The detectors of the SMART project, of the Institute of Astrophysics of Andalusia (IAA-CSIC), have registered the passage of a fireball over southwestern Spain at 57,000 kilometers per hour.
According to the analysis of the principal investigator of the SMART project, José María Madiedo, from the Institute of Astrophysics of Andalusia (IAA-CSIC), The fireball was recorded yesterday April 4 at 11:42 p.m. from the astronomical observatories of Seville, La Sagra (Granada) and La Hita (Toledo).
The phenomenon occurred when a rock from an asteroid entered the Earth’s atmosphere at a speed of about 57,000 kilometers per hour and could be seen from the southern and central areas of the country.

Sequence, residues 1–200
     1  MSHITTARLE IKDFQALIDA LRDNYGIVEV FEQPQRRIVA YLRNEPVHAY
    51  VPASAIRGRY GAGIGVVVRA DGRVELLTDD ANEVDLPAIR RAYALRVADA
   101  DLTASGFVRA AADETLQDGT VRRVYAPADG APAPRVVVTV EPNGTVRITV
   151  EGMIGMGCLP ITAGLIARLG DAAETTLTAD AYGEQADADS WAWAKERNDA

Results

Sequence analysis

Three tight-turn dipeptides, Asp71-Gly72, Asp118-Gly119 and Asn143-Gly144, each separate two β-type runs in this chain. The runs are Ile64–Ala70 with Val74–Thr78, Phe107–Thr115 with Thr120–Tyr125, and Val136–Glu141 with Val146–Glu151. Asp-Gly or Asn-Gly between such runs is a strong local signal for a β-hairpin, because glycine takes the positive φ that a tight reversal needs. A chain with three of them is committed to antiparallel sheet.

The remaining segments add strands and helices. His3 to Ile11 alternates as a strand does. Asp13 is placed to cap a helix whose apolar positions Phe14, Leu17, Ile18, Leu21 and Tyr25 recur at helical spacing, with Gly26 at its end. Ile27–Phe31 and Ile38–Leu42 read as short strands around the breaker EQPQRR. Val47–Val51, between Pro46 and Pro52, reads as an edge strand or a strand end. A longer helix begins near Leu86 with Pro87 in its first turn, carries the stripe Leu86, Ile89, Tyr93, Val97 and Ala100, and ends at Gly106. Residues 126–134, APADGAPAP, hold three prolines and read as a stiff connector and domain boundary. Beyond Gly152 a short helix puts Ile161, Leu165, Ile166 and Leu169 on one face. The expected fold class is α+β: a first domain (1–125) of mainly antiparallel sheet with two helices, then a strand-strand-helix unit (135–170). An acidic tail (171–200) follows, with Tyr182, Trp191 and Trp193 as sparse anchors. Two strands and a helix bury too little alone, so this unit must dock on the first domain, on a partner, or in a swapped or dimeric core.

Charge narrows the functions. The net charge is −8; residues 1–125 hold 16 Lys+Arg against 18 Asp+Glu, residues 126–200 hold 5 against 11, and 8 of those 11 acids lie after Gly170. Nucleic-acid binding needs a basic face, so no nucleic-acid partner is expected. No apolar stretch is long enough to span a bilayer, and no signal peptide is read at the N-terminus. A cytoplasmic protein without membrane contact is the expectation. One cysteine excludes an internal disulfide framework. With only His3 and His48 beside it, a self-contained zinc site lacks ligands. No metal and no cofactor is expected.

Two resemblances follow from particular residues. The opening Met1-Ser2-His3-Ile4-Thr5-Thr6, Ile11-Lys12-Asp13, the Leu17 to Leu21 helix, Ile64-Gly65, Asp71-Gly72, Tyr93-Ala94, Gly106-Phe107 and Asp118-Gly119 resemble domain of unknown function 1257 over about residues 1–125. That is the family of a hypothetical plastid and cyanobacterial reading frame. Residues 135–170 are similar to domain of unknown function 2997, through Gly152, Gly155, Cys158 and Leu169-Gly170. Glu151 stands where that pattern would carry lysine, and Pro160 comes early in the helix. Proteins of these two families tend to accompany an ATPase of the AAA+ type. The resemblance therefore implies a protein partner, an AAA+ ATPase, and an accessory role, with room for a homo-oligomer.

The sudden friction with the atmosphere at this enormous speed made the rock turn incandescent, generating a fireball that began at an altitude of about 81 kilometers over the southeast of the province of Seville, practically on the vertical of the town of The Puebla de Cazalla.
It advanced in a southeasterly direction and became extinct at an altitude of about 30 kilometers over the northeast of the province of Cádiz, almost on the provincial border with Seville, after traveling a total distance in the atmosphere of about 56 kilometers.
The SMART project detectors operate within the framework of the Southwest Europe Fireball and Meteor Network (SWEMN), which aims to continuously monitor the sky in order to record and study the impact against the Earth’s atmosphere of rocks from different objects in the Solar System.